Reading/Spelling Outcomes

The West Irondequoit English Language Arts Guiding Principles set the expectation that each strand of our integrated English Language Arts Curriculum asks students to be metacognitive and independent learners, as well as to self-assess, analyze and be responsible for language beyond the context of school. The Guiding Principles also set the expectation that our program employs on-going formal and informal assessments, differentiated instructional strategies and demonstrates awareness of the developmental nature of learning.

Comprehension is an active process of constructing meaning-of analyzing, evaluating and interpreting. Current research shows that a systematic exploration of the spelling of words is necessary for students to develop word knowledge. Rather than the memorization of lists of words, inherent in this exploration is an active interaction with words and their features-Letter Name, Within Word, Syllable Juncture and Derivational Constancy. Students gain knowledge of word patterns and features and apply this knowledge to both their reading and writing. This process supports students as they learn and generalize their knowledge to unlock, read and spell new words with similar patterns. This orthographic knowledge, or knowledge of the spelling system, is vital to both writing and reading. Effective readers and writers employ word identification and comprehension strategies concurrently. When students are writing, they match letters to sounds and when they are reading, they match sounds to letters.

The central focus of the Reading/Spelling Outcomes is word study-a clear and thorough understanding of the features and the patterns of words that reflects the interplay of sound, pattern and meaning relationships. Word study interacts with comprehension strategies to aid in constructing meaning. It facilitates independence in constructing meaning and involves awareness on the part of the reader/writer regarding the flexible application of strategies in various text structures. It is through this understanding, gained developmentally, that students truly learn to read and spell.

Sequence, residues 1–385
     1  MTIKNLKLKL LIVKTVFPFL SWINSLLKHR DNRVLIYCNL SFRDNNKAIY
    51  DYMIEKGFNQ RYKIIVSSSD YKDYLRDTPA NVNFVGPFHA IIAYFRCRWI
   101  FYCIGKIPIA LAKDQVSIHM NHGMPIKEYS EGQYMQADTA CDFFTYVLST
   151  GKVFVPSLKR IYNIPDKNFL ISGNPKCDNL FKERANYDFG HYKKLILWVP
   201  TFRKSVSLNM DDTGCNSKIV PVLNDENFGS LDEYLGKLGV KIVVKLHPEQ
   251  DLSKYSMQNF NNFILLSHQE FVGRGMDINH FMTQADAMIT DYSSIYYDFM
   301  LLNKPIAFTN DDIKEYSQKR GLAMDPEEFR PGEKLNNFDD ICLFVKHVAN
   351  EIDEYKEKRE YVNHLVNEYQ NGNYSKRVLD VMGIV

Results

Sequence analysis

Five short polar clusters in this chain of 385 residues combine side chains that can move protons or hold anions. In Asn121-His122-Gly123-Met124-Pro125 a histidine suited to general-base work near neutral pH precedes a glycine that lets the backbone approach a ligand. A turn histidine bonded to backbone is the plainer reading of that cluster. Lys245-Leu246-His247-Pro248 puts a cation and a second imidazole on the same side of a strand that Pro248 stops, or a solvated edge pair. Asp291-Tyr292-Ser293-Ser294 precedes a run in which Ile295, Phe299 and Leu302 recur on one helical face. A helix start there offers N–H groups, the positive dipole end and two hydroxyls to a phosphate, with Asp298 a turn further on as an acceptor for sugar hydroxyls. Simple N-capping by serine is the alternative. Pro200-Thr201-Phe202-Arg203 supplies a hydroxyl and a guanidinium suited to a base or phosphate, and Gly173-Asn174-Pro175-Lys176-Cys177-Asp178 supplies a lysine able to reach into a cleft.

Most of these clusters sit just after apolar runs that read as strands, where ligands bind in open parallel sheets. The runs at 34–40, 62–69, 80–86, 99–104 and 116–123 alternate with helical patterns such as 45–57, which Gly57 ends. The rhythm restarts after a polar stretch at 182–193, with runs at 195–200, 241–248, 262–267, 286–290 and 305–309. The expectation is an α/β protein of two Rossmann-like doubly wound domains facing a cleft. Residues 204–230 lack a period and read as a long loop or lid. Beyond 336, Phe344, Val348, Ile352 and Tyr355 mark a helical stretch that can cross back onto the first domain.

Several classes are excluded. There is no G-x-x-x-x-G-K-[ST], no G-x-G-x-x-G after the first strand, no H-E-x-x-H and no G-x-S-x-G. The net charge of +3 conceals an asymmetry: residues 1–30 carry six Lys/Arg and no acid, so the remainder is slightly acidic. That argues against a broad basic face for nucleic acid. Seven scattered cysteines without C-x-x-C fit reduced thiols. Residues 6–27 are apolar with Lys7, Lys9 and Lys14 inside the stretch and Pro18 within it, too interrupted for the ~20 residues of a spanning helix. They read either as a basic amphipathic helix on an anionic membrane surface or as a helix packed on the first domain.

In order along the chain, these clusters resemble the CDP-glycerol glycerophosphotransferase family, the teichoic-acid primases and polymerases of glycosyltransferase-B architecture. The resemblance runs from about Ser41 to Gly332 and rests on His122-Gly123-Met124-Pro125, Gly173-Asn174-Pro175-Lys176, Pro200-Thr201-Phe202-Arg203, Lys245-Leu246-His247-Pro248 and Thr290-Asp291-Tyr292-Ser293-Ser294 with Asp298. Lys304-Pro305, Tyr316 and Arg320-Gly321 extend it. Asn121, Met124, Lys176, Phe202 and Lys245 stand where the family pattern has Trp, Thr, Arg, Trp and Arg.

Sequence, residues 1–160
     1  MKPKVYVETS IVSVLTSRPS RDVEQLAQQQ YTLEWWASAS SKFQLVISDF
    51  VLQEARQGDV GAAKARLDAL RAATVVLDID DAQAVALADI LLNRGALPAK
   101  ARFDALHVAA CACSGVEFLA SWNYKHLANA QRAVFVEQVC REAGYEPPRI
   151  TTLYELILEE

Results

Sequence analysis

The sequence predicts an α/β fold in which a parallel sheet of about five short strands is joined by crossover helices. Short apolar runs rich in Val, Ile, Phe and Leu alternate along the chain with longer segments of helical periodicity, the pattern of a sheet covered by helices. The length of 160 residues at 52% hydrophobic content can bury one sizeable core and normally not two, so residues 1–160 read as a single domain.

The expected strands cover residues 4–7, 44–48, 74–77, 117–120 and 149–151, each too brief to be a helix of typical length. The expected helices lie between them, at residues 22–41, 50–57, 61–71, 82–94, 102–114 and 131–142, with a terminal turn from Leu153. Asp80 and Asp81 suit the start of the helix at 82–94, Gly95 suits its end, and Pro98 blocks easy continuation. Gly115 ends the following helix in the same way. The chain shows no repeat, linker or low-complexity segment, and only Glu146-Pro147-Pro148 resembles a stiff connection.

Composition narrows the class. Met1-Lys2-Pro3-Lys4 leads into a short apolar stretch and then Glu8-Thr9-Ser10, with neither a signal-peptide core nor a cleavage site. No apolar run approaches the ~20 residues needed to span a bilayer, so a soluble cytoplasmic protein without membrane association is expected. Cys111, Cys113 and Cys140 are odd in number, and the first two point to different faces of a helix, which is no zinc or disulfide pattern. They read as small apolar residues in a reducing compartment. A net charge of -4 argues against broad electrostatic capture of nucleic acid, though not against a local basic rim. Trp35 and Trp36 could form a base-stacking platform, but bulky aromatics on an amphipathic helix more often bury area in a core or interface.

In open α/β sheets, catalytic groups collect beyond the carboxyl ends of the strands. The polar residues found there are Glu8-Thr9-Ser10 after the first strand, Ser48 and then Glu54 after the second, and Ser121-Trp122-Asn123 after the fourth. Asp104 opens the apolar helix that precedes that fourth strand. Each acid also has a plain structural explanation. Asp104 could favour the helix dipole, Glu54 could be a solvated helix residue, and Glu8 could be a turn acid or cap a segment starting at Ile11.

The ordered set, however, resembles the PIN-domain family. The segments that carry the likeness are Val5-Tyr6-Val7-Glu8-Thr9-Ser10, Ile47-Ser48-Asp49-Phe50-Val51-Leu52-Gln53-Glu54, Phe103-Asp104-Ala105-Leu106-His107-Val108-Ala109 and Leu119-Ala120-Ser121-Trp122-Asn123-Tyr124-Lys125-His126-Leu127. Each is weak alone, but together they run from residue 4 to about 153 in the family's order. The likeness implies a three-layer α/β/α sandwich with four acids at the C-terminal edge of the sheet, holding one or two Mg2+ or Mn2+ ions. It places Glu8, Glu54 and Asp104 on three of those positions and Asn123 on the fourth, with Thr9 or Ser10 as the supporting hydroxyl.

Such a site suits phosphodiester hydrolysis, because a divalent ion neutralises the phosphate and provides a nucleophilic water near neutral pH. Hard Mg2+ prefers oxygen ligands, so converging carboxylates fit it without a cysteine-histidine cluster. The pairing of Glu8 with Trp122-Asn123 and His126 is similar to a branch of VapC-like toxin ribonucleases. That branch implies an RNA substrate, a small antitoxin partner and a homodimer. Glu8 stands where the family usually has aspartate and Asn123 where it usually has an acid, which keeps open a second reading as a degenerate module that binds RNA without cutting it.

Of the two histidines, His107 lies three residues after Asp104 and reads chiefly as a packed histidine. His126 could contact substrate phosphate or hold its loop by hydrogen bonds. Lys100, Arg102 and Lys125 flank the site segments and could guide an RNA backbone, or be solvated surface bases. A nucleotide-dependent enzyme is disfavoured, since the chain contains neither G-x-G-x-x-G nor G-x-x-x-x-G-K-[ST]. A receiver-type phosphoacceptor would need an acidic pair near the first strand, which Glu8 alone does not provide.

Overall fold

Organized by Phonic Analysis, Structural Analysis, and Contextual Analysis, the Reading/Spelling Outcomes ensure that the students of West Irondequoit Central School District learn to read and spell in a way that not only meets their needs developmentally, but engages them meaningfully and intellectually.

Grade Level Phonic Analysis Structural Analysis Contextual Analysis
3 Outcome
Apply knowledge of long vowel patterns in reading and spelling

Consonant-vowel-consonant-e (take)
Consonant-vowel-vowel-consonant (seed)
Consonant-vowel-vowel (sea)
Apply knowledge of syllabication to read and spell multi-syllabic words

Divide words between double consonants and apply feature knowledge
Village - vil (CVC-short vowel pattern) lage (CVCe-long vowel pattern)
Apply sentence meaning to read and spell the correct homograph (words with the same spelling; different pronunciation) in context

The desert is dry
The captain will desert the crew.
6 Outcome
Read and spell regular and irregular plurals appropriate for grade level

City - cities
Monkey - monkeys
Mouse - mice
Read and spell prefixes when added to a base word: pre-, en-, uni-, bi-, tri-, inter-, con-, com-, trans-, pro-,ob-

pre (before) - precook, prejudge
en (put into, make) - enact, enjoy
bi (two) - bicycle, bimonthly
Use word meaning to read and spell the correct homophone (word with the same pronunciation, different spelling) in context

The plane flew low.
The bison roamed the plain.
Their house is over there.
8 Outcome
Apply consonant and vowel alternation patterns to read, pronounce and spell words appropriate to grade level

Sign - signal
Compete - competition
Nature - natural
Incorporate the use of Greek and Latin roots as an aid to the reading and spelling of English words

path (from Greek pathein - to suffer) - apathetic, empathize, sympathy
fug (from Latin fugere - to flee) -
fugitive, refugee
Apply sentence/word meaning to read and spell the correct homograph/ homophone/ homonym(words with same spelling, same pronunciation, different meaning) in context

The hustler played pool all night.
The bright blue pool seemed like a mirage to the weary travelers.

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